So who are the eight teams that will make up Class 4, Region D this coming football season? First of all, just because the number is eight there is no relationship whatsoever with “easy.” In fact, I think it’s very likely Region D is as strong as any of the other three, maybe stronger.
The eight teams are Amherst, Blacksburg, E.C. Glass-Lynchburg, Halifax County, Jefferson-Forest, George Washington-Danville, Salem, and Pulaski County. Who comes out of that group of eight will have the ability to take on all comers. And by the way, those eight schools are the combined owners of 26 total state championships. Every school has at least one. In this case, the number eight is an indication of strength.
“The smaller number makes it tougher in this case,” says Cougar head coach Stephen James. “Having a really good regular season with a high power rating will be very important. Obviously, in this region there will not be that easy opening round playoff win, so having that good season and high rating will determine your seeding when the playoffs begin. That will be very important.”
While five Region D schools dropped to Class 3, there are also numerous schools who dropped from Class 5 to Class 4. Only Halifax in D, but in Region A, B, and C, Hampton, King’s Fork, Warwick, Orange County, Broad Run, and Tuscarora all dropped down. Four of those schools have been state powers at different stages over the years. Example, Broad Run was 69-27 as a Class 5 school and Tuscarora was 61-18. So Class 4 has gotten tougher statewide.
The rest of the state in Class 4 will have in Region A, Churchland, Denbigh, Grafton, Hampton, Heritage of Newport News, Jamestown, King’s Fork, Lake Taylor, Menchville, Smithfield, Warhill, Warwick, and Woodrow Wilson. Region B will have Caroline, Chancellor, Courtland, Dinwiddie, Eastern View, Hanover, PH-Ashland, Huguenot, King George, Lee-Davis, Louisa County, Monocan, Orange County, Powhatan, Spotsylvania, and George Wythe-Richmond. Region C will have Broad Run, Culpeper County, Dominion, Fauquier, Handley of Winchester, Park View-Sterling, Heritage-Leesburg, Kettle Run, Liberty Bealeton, Loudoun County, Loudoun Valley, Millbrook, Sherando, Tuscarora, and James Wood. The last time Pulaski County faced Hampton, Heritage-Newport News, Courtland, Culpeper, Fauquier, or Liberty Bealeton they were all members of Class 6, or Class 5 as were the Cougars.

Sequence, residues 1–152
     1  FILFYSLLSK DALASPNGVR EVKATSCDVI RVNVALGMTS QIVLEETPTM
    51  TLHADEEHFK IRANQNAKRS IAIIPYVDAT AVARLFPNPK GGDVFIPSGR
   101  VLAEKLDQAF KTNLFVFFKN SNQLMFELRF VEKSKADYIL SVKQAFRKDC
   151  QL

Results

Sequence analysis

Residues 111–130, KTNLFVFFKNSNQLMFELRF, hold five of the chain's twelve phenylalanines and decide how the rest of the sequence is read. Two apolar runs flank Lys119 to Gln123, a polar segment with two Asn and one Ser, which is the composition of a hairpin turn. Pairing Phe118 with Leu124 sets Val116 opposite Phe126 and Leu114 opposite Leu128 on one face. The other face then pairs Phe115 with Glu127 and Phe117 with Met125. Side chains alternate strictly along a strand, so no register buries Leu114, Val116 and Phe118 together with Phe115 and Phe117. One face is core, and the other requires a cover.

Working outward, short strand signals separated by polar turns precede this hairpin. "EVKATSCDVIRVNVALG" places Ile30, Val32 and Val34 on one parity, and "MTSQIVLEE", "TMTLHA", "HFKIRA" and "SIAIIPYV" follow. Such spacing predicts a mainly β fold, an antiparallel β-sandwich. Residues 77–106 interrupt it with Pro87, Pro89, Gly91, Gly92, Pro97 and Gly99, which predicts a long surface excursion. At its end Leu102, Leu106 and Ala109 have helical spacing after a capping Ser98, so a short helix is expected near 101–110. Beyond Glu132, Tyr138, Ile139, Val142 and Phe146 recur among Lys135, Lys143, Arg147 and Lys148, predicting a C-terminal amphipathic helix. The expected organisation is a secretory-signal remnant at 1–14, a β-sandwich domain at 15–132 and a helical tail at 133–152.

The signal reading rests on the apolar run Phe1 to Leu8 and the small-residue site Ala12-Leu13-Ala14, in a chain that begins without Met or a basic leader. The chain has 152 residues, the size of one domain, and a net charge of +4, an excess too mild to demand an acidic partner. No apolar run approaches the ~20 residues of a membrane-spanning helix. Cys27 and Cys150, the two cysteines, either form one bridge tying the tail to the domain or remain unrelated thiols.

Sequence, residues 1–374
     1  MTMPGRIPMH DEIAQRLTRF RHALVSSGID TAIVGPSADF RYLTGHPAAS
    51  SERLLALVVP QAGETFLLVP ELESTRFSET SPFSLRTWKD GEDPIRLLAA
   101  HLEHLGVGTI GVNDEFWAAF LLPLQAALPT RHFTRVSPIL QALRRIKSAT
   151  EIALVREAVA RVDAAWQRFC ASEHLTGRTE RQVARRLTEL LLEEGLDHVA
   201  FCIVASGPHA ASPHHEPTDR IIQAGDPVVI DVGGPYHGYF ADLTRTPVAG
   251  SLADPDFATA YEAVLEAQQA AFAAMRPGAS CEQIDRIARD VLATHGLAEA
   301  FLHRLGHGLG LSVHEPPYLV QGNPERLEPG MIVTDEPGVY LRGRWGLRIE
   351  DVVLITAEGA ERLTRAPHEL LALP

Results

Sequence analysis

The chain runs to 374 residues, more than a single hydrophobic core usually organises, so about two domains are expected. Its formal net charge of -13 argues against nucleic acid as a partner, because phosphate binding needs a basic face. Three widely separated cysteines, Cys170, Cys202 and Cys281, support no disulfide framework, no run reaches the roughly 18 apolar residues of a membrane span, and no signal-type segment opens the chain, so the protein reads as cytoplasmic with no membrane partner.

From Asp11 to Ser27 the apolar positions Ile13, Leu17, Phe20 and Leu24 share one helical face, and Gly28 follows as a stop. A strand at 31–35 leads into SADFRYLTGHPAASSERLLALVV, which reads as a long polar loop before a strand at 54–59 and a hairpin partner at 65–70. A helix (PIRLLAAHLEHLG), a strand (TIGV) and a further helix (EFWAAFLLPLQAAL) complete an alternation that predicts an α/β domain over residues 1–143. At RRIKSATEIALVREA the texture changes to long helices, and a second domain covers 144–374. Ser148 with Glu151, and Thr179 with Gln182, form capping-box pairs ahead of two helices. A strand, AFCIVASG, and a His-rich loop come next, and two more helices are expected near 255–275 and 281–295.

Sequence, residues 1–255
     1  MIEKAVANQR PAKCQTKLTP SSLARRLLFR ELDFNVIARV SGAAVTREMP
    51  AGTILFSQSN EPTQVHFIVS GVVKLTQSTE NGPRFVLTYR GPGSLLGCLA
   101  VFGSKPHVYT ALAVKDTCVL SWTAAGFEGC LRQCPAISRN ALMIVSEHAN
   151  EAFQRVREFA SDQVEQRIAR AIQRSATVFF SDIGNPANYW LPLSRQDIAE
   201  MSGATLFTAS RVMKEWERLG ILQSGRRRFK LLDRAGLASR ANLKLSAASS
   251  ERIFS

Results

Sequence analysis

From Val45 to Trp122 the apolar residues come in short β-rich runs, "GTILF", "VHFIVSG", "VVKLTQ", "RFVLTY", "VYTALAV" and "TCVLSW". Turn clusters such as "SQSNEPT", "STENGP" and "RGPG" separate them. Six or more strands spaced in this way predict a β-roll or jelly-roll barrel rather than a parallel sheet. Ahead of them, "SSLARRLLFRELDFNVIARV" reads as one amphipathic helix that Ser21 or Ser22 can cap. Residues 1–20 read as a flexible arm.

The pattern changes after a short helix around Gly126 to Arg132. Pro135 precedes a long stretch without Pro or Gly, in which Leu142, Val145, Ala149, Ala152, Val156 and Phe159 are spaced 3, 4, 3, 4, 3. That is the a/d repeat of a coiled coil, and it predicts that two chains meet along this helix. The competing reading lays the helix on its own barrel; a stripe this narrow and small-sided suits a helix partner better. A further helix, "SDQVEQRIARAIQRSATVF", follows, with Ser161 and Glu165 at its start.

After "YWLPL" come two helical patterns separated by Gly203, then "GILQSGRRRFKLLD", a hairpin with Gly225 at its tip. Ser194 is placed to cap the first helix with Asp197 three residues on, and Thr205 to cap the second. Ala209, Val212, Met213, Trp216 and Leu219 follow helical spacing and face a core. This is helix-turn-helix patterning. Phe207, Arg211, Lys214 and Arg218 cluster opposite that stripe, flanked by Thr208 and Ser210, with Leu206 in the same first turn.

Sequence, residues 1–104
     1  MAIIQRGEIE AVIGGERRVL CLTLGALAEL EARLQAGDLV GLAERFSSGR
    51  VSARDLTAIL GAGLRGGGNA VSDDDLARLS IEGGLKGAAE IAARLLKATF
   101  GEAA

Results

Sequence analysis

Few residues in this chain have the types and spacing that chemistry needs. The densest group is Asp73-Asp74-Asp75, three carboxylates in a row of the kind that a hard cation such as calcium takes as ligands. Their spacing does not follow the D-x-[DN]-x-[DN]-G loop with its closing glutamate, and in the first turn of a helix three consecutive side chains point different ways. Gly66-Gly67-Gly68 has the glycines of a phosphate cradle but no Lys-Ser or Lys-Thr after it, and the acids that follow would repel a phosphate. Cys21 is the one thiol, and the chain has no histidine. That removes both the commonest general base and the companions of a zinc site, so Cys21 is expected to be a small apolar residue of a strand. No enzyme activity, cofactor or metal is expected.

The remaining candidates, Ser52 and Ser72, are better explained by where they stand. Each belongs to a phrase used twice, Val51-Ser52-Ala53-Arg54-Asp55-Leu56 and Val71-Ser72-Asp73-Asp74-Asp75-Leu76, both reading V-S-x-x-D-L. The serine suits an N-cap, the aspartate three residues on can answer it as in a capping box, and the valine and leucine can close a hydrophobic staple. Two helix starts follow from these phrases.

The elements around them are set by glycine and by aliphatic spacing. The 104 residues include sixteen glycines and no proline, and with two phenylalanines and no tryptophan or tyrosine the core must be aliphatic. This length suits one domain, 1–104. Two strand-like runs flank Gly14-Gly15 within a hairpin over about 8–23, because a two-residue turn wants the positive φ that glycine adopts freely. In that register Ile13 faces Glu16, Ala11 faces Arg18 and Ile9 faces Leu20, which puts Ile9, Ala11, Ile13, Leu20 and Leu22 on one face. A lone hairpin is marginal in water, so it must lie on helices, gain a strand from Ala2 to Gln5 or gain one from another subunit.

How did these teams fair as a region last season? The teams that will make up Region A finished a combined 59-95, Region B 85-84, Region C 88-66, and Region D 64-33. So the eight teams that will make up Class 4, Region D will hold up very well. Last the season they combined to win almost 70% of their games.
Pulaski County will remain a member of the River Ridge District which will also include PH-Roanoke, Cave Spring, Hidden Valley, and Christiansburg. PH is a Class 5 school, the other three Class 3s. Of course Salem and Blacksburg will also be RRD games. Out of district games will be against Northside, Abingdon, Bassett, William Byrd.
Two things are certain. The 2019 season will be very competitive and exciting.
By DAN CALLAHAN, The Patriot